In a recent update at the Potato Expo in Austin, TX, industry experts shed light on the increased access gained by the U.S. potato industry to the interior Mexican market after two years of persistent efforts. The panel, featuring National Potato Council CEO Kam Quarles, consultant Matt Lantz of Bryant Christie Inc., and Kim Breshears of Potatoes USA, outlined the challenges faced, the strategies employed, and the plans for future business development in Mexico.
Just two years ago, the Mexican potato market was highly disputed and entangled in political maneuvering. However, the U.S. industry persevered and successfully extended access beyond the initial 26-kilometer border region. Kam Quarles credited the collaborative efforts of the team in Mexico, particularly in the legal and regulatory arena, for overcoming challenges. The breakthrough occurred when the U.S. tied the issue to exports heading north, providing leverage that was previously lacking.
Matt Lantz, who specializes in opening foreign markets for U.S. agricultural commodities, highlighted the history of negotiations dating back to 2003 when the border region was first opened for U.S. potato shipments. Despite initial hopes to broaden access, negotiations continued for the next 10-15 years, facing opposition from a Mexican grower group using phytosanitary and legal claims. Legal representation was eventually hired in Mexico, leading to a unanimous ruling by the Mexican Supreme Court in favor of increased access in April 2021, with shipments to the interior commencing in May 2022.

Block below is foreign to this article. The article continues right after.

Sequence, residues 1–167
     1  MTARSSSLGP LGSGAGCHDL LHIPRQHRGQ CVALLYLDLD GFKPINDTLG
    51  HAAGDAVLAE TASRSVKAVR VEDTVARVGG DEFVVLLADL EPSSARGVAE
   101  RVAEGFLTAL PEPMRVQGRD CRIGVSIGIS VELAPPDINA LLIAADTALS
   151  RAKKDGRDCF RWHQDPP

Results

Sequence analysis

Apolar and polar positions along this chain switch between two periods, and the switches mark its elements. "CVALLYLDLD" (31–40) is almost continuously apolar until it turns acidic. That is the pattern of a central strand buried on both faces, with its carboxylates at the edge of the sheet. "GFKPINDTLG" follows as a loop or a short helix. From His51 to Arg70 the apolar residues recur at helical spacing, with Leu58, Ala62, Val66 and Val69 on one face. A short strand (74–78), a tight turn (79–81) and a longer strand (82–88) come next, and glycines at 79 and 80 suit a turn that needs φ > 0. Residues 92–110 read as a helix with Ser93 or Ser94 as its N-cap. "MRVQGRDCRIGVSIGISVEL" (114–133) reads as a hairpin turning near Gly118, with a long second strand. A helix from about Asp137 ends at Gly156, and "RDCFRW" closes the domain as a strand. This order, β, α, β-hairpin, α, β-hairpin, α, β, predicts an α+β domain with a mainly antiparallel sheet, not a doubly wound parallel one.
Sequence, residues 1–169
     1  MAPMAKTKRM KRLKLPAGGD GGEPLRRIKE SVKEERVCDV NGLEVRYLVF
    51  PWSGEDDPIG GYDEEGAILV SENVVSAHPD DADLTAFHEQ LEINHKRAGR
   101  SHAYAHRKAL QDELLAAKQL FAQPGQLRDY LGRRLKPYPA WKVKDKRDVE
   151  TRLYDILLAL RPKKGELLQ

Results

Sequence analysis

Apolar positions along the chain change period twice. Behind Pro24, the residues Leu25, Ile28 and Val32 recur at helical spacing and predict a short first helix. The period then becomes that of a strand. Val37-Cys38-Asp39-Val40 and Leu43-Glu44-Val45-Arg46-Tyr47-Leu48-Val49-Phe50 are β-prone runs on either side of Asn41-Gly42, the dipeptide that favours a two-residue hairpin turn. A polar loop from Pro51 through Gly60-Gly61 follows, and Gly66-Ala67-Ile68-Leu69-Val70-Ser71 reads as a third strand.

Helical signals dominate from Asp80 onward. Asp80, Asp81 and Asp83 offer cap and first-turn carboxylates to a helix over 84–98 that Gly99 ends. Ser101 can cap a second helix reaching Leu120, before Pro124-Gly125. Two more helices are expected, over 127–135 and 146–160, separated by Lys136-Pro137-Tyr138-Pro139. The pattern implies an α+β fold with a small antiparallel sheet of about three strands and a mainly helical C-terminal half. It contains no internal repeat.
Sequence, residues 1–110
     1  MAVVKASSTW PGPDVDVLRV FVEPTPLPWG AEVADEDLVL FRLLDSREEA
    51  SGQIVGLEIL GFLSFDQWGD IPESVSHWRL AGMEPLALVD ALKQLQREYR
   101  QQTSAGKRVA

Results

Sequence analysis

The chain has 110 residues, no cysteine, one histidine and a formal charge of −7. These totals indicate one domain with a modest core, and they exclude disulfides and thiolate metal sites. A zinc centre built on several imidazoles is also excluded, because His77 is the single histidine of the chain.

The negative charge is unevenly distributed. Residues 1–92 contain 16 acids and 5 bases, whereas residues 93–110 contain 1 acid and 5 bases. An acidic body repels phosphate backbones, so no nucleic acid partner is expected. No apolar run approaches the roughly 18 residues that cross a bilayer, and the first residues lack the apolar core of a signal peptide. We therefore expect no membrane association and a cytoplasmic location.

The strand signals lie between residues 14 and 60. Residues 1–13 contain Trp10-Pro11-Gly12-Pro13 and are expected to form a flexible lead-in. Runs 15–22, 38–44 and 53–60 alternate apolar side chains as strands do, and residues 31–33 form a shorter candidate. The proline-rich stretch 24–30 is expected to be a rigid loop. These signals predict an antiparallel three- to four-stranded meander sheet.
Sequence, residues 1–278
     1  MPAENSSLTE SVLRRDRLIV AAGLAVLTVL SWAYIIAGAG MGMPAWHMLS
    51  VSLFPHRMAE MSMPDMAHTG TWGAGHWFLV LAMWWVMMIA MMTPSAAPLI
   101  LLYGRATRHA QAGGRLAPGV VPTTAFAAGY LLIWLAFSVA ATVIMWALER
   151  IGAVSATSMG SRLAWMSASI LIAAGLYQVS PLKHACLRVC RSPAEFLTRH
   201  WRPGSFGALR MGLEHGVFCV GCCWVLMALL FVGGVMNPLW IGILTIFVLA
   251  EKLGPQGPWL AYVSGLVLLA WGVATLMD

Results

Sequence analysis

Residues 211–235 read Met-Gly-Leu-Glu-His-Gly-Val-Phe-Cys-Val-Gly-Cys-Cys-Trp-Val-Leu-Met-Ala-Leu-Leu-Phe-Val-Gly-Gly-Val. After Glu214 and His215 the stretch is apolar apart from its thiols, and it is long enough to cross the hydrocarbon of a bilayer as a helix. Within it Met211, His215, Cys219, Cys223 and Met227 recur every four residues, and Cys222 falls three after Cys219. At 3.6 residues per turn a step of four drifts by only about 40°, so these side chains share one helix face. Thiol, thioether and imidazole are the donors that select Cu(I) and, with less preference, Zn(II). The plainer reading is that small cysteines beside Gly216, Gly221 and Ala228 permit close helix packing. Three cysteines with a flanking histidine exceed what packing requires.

While acknowledging the opposition from the grower group, Lantz emphasized that compliance efforts must persist. The Mexican government has accepted U.S. access to the market, and a more transparent regulatory environment is emerging.
Kim Breshears, Chief Marketing Officer at Potatoes USA, discussed the organization’s role in growing the Mexican market. With in-country representatives and established relationships, Potatoes USA had a strong start when access was granted. Collaborations with Mexican retailers expanded from wholesalers and warehouses to mainstream retailers. The next phase involves engaging with chefs and foodservice in Mexico. Breshears highlighted the importance of gradual market entry, given the smaller U.S. crop in recent years.
Export volumes to Mexico are on the rise, prompting efforts to educate Mexican consumers about U.S. potato varieties. Potatoes USA is working with the retail community, leveraging influencers, and developing content on recipes to showcase the value of U.S. potatoes.
Addressing a question on the parallels with avocados, which faced similar disputes 25 years ago, Quarles noted that full access for Mexican avocado shipments to the U.S. resulted in increased demand. Breshears emphasized that the goal is not to replace Mexican potatoes but to supplement the domestic market. The industry recognizes significant unmet demand in Mexico.
Looking ahead, Lantz stressed the importance of maintaining course and exercising caution with shipments to Mexico, ensuring continued success in the expanded market access.